Is a program set up by a real estate company that offers free home inspections (paid for by the real estate company) in conflict with the ASHI Code of Ethics, Section 1.E?
To add more context, let’s say that the application to participate in the program directs the inspector to give discounted fees based on the number of referrals the inspector receives.
Also, is it a conflict if the real estate company or another entity pays for the inspection only if the deal goes through (meaning that, if the deal doesn’t go through, the buyer pays)?
INTERPRETATIONS BY THE ASHI CODE OF ETHICS COMMITTEE:
A program such as this does not necessarily conflict with the ASHI Code of Ethics, Section 1.E (www.homeinspector.org/Code-of-Ethics), as long as the real estate company reimburses the client after the client pays the inspector or if the inspector’s client is the real estate company.
Under the latter arrangement, the inspector would typically be responsible to the real estate company as the client (as opposed to another party, such as the buyer) and the inspector should be mindful of the second paragraph of the Code of Ethics (which cites integrity, honesty and objectivity as fundamental principles of the Code), as well as Section 1.A, to avoid slanted reporting.
However, if the real estate company is not the client and the real estate company is dealing with the inspector’s client, then accepting payment from the real estate company would conflict with Section 1.E.
In addition, discounting fees paid by a real estate company based on referrals would conflict with Section 1.B because such discounts would be de facto payments for referrals to clients (other than the real estate company).
Such de facto payments are a deception of consumers, who would expect referrals to be based on competence, not on a hidden benefit to the real estate company. However, if the real estate company is always the client and pays the fees, then such discounts would not conflict with Section 1.B.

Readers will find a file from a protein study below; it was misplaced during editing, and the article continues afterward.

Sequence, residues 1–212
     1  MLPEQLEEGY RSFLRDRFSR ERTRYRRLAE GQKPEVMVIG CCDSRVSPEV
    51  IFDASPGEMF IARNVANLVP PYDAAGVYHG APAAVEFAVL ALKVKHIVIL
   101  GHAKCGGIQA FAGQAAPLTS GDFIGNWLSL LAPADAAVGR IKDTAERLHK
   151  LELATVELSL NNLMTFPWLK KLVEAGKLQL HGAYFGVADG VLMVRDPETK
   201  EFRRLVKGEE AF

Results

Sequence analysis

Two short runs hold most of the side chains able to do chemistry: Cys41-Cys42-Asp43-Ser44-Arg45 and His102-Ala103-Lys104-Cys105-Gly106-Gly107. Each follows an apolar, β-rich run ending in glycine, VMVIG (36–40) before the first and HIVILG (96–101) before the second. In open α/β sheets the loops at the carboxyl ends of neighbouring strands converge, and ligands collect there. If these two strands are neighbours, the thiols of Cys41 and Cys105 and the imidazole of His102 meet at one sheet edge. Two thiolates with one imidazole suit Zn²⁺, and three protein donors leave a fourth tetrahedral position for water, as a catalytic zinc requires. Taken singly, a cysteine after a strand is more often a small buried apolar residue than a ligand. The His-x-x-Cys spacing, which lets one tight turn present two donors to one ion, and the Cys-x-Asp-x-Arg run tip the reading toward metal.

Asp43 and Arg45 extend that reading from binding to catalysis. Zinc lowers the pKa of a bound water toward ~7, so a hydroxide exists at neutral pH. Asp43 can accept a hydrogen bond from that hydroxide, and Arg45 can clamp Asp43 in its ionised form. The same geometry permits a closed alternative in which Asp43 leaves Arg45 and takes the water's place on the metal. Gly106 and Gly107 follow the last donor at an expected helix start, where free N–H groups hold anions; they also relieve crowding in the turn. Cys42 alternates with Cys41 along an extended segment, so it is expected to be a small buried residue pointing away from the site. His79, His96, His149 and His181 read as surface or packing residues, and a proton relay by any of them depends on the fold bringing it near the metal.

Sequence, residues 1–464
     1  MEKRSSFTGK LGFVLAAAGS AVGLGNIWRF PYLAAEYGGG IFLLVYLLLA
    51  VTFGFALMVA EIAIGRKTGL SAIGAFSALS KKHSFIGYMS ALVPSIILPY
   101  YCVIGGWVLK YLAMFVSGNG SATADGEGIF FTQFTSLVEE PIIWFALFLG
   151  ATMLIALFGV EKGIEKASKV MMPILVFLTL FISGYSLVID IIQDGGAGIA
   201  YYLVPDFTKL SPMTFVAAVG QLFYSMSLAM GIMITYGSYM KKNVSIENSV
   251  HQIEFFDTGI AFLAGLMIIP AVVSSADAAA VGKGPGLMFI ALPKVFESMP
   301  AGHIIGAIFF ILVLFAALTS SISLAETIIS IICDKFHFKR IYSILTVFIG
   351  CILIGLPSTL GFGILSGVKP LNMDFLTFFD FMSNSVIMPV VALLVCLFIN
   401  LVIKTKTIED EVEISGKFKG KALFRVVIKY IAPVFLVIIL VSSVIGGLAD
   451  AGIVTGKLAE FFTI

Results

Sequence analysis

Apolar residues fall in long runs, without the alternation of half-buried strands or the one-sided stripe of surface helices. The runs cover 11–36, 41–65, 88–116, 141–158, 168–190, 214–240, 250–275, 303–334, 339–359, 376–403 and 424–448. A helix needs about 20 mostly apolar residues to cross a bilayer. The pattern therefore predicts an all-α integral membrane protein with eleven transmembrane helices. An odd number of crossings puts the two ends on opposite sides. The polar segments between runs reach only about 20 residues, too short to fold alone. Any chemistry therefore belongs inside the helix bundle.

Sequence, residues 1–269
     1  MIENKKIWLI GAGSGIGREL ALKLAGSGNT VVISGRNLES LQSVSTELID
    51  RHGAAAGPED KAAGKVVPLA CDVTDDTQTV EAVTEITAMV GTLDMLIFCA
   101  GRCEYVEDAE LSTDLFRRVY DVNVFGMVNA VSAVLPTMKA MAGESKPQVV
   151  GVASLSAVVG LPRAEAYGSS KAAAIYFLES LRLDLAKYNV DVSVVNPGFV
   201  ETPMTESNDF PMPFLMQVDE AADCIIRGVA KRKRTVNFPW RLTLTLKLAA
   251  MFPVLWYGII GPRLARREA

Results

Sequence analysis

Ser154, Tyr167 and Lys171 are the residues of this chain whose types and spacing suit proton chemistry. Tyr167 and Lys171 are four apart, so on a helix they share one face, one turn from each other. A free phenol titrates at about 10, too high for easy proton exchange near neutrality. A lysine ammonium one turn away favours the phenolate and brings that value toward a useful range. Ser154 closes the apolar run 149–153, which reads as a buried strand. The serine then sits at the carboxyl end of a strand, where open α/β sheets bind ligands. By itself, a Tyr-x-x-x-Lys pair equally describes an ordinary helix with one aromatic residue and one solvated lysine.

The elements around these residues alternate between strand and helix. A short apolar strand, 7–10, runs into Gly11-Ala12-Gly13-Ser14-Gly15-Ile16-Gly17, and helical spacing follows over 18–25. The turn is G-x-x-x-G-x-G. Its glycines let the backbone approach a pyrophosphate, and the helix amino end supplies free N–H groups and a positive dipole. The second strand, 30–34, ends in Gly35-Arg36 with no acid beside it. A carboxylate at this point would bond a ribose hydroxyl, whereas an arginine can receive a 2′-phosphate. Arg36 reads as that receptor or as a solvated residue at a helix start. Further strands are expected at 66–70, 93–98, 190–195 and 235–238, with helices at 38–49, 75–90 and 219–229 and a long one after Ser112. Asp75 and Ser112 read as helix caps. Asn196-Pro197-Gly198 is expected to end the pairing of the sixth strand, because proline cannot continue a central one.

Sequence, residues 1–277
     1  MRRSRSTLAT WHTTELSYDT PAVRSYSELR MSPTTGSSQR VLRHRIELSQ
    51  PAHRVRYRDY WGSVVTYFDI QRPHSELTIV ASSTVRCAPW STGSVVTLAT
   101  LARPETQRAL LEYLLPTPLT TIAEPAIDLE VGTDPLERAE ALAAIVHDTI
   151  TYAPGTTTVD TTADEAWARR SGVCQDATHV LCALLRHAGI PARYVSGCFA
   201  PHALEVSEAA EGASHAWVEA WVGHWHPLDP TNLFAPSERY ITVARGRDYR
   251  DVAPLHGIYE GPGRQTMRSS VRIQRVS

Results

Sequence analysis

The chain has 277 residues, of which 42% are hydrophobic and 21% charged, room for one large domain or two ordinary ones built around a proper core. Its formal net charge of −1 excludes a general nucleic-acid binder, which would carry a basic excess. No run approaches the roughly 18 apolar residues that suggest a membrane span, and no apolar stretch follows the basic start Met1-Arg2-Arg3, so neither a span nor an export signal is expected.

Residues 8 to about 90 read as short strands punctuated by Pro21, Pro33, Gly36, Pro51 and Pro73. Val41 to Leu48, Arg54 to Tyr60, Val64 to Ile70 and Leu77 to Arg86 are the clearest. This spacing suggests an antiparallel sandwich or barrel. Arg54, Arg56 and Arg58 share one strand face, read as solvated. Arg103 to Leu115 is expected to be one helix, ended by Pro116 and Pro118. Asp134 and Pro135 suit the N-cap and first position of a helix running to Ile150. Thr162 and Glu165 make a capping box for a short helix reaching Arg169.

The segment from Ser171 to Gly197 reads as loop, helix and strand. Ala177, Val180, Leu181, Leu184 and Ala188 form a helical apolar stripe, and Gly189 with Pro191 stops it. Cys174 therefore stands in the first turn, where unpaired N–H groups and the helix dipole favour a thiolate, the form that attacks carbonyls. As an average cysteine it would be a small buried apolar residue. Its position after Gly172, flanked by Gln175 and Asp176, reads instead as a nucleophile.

It is not a conflict if the buyer is the client and the buyer pays the inspector, regardless of whether or not the real estate company reimburses the buyer. Similarly, it is not a conflict if the real estate company is the client and pays the inspector, regardless of whether or not the buyer reimburses the real estate company.
However, it is a conflict with Section 1.E if the buyer is the client and the real estate company pays the inspector, or if the real estate company is the client and the buyer pays the inspector.
Finally, having any inspector compensation that is directly or indirectly contingent on the inspection results, such as whether or not “the deal goes through,” is contrary to the second paragraph of the Code of Ethics to avoid conflicts of interest and contrary to Section 1.A against slanted reporting.
Jamison Brown is the owner of Home Inspections by Jamison & Company, Poquoson, VA. Before becoming an ASHI member in 1988, Jamison was a project manager, and supervised the construction and remodeling of more than 10,000 housing units for the U.S. Department of Defense (DoD) and the U.S. Department of Housing and Urban Development (HUD). Jamison is a former member of the Carpenters and Joiners of America and a former licensed plumber in the state of Virginia. He is a member of the International Code Council, International Association of Electrical Inspectors (IAEI) and a certified member of the American Society of Home Inspectors (ASHI). He has been a member of ASHI’s Technical and Membership Committees and was chair of the CEPP Committee. Currently, he chairs the ASHI Code of Ethics Committee. Jamison has personally inspected more than 18,000 residential and commercial properties. Contact him at email@example.com.